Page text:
I had suggested adding an apostrophe to:
Bill Roberts suggested Passengers’, making it plural. Mike Sykes also questioned my apostrophic suggestion: “It might [help], but is that really where you would put it?” OK, I concede that the singular “passenger’s” would not be the best solution.
Bill then added, like the saucy minx he is:
“Baggage” isn’t used much any more to mean a pert girl or a prostitute. Nowadays a person with baggage is one with too many emotional attachments to the past.
He also contributed this regarding the scarlet letter:
Now there was a piece of baggage.
Mike Sykes wrote about global warming:
The vast majority of human-caused global warming acolytes are also not climatologists or scientists. And as Herb Hickman, scientist, remarked here recently, you don’t have to be a scientist to venture an opinion even in a professional journal. Also, many scientists are following the grant money. Science is influenced by politics as well.
In the US, “downplayed” is probably more common. As for errors, what I can no longer avoid calling the mainstream media has only recently reported errors and chicanery on the part of the IPCC.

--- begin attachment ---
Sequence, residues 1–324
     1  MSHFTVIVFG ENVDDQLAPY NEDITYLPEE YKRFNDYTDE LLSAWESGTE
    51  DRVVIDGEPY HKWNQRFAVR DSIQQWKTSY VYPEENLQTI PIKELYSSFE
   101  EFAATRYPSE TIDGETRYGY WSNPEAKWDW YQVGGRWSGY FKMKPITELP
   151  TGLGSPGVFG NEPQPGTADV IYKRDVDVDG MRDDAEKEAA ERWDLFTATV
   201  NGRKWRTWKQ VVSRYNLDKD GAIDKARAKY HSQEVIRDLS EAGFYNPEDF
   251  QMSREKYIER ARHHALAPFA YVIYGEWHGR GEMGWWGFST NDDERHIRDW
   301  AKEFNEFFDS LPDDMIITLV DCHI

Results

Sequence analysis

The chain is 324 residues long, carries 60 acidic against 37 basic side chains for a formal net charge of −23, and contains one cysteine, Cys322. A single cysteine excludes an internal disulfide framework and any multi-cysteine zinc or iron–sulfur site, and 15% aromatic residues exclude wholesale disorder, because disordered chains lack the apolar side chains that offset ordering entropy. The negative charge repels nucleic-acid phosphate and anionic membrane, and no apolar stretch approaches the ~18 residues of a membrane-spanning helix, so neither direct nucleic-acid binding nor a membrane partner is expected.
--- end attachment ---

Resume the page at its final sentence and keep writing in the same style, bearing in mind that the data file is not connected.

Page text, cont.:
The inevitable Dave DaBee said he doesn’t inevitably hear "redistributing wealth" in the company name Saalfeld Redistribution. I guess I read more about politics, while Dave is doing more useful stuff with his time under the name Dave DeBronkart.
He also asked, “btw, what is ‘evitable’? What is ‘evit,’ other than the root of ‘e-vite’?” The Latin roots mean un + avoidable, probably related to “evade” also. Dict.org lists the word “evitable” but gives no example of usage. I guess it’s one of those words with no natural positive companion (like “disgruntled” has no “gruntled”); I’ve never heard or read “evitable” and I’d advise against using it.
Unhand That Pancake!
On a local radio cooking program, Marilyn Harris said that every country has its own form of cooked dough, like crepes or tortillas, and that our version is pancakes, “which of course we stole”.